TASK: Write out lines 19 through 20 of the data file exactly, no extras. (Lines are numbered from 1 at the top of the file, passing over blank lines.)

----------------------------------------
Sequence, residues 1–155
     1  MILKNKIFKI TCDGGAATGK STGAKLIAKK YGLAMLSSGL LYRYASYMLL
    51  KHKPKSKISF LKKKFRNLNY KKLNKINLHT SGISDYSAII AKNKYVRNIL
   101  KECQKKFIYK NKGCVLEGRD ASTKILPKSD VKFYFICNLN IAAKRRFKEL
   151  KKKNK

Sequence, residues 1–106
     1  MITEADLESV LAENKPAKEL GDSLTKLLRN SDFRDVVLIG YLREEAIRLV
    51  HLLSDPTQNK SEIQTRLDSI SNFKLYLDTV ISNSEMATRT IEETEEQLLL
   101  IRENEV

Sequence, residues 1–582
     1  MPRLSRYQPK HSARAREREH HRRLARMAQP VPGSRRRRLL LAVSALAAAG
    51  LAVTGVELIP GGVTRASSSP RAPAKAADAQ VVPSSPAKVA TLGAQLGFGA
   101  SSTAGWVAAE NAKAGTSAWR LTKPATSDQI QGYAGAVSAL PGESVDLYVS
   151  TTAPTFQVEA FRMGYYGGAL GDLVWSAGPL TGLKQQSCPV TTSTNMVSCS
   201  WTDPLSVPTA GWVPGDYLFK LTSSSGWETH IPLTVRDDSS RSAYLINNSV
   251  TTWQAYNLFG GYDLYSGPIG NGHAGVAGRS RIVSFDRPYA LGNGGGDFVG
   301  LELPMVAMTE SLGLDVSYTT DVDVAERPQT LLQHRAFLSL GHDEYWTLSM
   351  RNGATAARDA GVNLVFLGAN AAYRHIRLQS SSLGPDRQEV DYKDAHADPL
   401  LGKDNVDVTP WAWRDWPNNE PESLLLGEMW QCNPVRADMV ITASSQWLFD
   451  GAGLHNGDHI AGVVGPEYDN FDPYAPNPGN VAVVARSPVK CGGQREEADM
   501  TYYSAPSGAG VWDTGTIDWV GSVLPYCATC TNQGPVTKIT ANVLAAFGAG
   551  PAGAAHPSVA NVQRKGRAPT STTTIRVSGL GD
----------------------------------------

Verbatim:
   401  LGKDNVDVTP WAWRDWPNNE PESLLLGEMW QCNPVRADMV ITASSQWLFD
   451  GAGLHNGDHI AGVVGPEYDN FDPYAPNPGN VAVVARSPVK CGGQREEADM